Posted Jun 18, 2018 at Skating on Stilts
The 11th Circuit’s LabMD decision is a dish served cold for Michael Daugherty, the CEO of the defunct company. The decision overturns decades of FTC jurisdiction, acquired over the years by a kind of bureaucratic adverse possession. Thanks to the LabMD opinion, practically all the FTC’s privacy and security consent decrees are at risk of being at least partly unenforceable — and if the dictum holds, the FTC may have to show that everything it views as an “unfair” lack of security is actually a negligent security practice. Commerce says it has a deal with ZTE. Nate Jones wonders whether the bipartisan opposition to the deal from Congress is too late. David Kris introduces a remarkable week for Justice Department responses to leaks of classified information. A long-time security director at the Senate Intelligence Committee succumbs first to the wiles of an aspiring reporter, and then to the temptation to lie about the romance to the FBI. James Wolfe will pay a heavy price for his leaks of classified information — without ever being tried for leaking classified information. I can’t help asking how the FBI gathered as much information as they did from supposedly secure services like Signal and... Continue reading
Posted Jun 11, 2018 at Skating on Stilts
GDPR has finally arrived, Maury Shenk reminds us, bringing both expected and unexpected consequences. Among the expected: New Schrems lawsuits for more money from the same old defendants; and the wasting away of the cybersecurity resource that is WHOIS, as German courts ride to the rescue of insecurity — in the name of privacy. Also probably to be expected, at least for those who have paid attention to the history of technology regulation: The biggest companies are likely to end up boosting their market dominance. Less expected: The decision of some big US media to just say no to European readers, recognizing them as the Typhoid Marys of the Internet, carrying a painful and stupid regulatory infection to every site they visit. In other unsurprising news, Gus Hurwitz and Megan Reiss note, Kaspersky has now lost both its lawsuits against US government bans in a single district court ruling. In genuinely troubling news, Iran is signaling a willingness to attack US industrial controls, which run the electric grid and pipelines and sewage systems, using the same malware it used against the Saudis. Since Iran was willing to launch DDoS attacks on US banks the last time negotiations over its nuclear... Continue reading
Posted Jun 4, 2018 at Skating on Stilts
This episode features a conversation with Nick Bilton, author of American Kingpin: The Epic Hunt for the Criminal Mastermind Behind the Silk Road. His book, out today in paperback, tells the story of Ross Ulbricht, the libertarian who created the hidden Tor site known as the Silk Road, and rode it to massive wealth, great temptation, and, finally, a life sentence. It’s a fine read in its own right, but for those who know the federal government, the most entertaining parts concern the investigators who bring Ulbricht down. They all have ambitions and flaws that mirror the stereotypes of their agencies, even -- or perhaps especially -- when the agents go bad. It’s got everything – sales of body parts, murder (maybe!), rogue cops, turf fights, and justice in the end. Sadly, I predict this episode will generate more hate mail than any other. Why? You’ll have to listen to find out. Feel free to question my judgment with emails to Download the 219th Episode (mp3). You can subscribe to The Cyberlaw Podcast using iTunes, Pocket Casts, Google Play, or our RSS feed! As always, The Cyberlaw Podcast is open to feedback. Send your questions and suggestions for topics... Continue reading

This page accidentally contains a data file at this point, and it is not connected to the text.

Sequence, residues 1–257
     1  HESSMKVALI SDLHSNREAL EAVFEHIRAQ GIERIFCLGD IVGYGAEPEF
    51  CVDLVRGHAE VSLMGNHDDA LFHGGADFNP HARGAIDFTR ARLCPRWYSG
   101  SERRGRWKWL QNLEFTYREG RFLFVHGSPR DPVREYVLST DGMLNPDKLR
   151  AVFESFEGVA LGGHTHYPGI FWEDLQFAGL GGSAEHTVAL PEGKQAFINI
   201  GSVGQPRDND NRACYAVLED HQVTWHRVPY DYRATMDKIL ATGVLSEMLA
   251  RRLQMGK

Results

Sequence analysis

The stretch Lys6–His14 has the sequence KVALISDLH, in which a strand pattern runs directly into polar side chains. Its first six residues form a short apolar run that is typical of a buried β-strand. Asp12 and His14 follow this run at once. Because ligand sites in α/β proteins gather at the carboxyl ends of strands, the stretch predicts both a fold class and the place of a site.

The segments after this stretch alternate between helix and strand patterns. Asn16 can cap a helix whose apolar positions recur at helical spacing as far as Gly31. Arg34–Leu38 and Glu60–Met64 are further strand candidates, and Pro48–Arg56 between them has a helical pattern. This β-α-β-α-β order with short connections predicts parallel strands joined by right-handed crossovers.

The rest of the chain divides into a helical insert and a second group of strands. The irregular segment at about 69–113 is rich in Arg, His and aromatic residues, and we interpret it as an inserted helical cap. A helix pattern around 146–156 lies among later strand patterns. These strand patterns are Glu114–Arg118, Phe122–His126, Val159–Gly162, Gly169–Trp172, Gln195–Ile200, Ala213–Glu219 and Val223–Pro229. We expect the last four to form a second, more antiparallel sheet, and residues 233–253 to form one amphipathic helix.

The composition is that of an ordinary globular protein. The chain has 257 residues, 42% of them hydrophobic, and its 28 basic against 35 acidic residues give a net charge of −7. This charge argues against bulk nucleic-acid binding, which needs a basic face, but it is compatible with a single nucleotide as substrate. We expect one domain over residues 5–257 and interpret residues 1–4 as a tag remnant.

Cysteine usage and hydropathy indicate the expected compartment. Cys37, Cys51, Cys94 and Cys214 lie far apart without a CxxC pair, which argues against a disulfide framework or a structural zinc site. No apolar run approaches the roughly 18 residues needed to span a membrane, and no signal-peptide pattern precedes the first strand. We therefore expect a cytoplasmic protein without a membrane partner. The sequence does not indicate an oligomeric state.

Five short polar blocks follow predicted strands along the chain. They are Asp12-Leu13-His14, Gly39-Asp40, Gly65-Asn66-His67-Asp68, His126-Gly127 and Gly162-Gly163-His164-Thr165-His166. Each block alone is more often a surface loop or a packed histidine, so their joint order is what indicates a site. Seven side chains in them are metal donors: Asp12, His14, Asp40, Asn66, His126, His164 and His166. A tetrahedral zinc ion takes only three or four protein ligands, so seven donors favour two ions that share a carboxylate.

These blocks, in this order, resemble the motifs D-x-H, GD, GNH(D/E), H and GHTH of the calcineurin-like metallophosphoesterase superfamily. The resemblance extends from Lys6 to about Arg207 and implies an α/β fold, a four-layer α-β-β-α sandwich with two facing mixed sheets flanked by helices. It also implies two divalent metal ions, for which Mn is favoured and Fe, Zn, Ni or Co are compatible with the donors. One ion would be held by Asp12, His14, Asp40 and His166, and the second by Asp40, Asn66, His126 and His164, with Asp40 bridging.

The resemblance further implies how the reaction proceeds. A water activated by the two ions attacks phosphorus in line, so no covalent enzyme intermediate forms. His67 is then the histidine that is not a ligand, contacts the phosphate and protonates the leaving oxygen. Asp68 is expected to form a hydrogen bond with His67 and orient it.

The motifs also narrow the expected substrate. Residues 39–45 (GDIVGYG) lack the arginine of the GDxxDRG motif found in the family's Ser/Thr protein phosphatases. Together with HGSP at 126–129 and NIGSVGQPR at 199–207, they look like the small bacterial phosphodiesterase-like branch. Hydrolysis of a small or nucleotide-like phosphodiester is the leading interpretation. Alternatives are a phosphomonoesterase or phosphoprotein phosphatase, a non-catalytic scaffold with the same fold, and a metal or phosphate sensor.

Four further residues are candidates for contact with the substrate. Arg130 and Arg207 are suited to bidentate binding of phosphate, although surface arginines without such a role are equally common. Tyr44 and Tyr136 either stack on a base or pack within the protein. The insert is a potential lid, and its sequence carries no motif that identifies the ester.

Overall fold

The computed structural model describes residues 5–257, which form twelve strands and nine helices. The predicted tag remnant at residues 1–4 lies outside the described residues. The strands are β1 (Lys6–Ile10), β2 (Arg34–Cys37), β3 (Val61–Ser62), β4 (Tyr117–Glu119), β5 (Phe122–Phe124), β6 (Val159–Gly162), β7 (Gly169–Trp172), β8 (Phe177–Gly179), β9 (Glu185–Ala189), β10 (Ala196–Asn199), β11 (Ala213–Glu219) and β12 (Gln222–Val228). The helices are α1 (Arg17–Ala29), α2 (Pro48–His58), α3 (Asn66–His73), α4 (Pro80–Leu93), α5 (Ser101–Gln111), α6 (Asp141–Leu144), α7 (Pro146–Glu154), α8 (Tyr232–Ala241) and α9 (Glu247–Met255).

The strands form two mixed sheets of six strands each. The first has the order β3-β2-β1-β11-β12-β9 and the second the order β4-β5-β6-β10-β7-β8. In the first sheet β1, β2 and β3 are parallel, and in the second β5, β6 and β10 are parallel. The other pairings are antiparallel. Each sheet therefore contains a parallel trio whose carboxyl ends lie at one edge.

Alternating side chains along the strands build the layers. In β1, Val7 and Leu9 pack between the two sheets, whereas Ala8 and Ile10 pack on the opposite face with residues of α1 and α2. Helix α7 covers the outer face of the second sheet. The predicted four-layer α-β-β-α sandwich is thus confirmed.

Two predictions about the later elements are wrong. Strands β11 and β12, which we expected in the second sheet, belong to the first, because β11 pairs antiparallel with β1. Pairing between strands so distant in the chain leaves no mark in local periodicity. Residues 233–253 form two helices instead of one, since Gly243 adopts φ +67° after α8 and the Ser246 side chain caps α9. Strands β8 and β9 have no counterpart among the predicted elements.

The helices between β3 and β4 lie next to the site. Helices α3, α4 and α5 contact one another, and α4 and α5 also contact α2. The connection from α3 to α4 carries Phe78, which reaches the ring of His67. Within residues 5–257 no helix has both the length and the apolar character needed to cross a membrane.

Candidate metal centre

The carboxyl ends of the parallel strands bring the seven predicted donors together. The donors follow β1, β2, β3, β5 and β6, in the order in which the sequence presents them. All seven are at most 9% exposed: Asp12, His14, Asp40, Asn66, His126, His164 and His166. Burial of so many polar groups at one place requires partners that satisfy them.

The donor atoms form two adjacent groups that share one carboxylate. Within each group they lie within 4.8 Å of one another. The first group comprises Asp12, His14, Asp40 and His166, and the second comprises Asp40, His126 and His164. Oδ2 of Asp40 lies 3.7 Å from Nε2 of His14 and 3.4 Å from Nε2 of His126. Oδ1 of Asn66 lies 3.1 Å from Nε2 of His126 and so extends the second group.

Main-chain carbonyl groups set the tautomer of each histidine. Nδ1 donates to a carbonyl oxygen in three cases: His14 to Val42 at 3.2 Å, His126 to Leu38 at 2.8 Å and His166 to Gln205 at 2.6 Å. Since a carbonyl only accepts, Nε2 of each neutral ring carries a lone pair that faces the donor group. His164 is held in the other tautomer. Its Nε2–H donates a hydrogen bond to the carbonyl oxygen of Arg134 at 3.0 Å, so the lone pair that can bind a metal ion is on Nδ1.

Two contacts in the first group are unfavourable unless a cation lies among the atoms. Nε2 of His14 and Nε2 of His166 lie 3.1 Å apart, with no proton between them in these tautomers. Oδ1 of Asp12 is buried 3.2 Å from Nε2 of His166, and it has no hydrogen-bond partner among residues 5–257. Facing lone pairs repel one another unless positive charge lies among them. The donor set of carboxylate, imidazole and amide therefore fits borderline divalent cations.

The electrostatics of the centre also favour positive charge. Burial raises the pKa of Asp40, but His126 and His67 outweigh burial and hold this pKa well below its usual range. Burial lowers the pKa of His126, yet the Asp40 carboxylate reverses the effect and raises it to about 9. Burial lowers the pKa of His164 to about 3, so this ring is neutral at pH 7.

Posted May 29, 2018 at Skating on Stilts
In this episode, Markham Erickson highlights the prosecution. The site had a loathsome business model, publishing mugshots for free and charging hundreds of bucks to people who wanted the record of their arrests taken down. Now the owners are being prosecuted in a case that combines the worst of European crazy (“surely criminals have a right to be forgotten”) and California crazy (“profits are being earned here – surely that calls for a criminal investigation”). Markham explains why this may be a hard case for California to win – and then joins me in expressing schadenfreude for the owners, whose mugshots are even now spread all across the internet. Meanwhile, the ZTE mess gets messier as Congress moves to block President Trump’s proposed sanctions relief. Democrats are joining national security Republicans to move legislation on the topic. Who says President Trump is the divider-in-chief? Michael Vatis digs into the FBI’s latest high-profile problem: it grossly overstated the number of encrypted phones it encountered last year. Was it a mistake or a misrepresentation? Our panel leans toward mistake. Michael and I also criticize President Trump’s decision to dump government security for his phone. Michael reminds us of the President’s scathing... Continue reading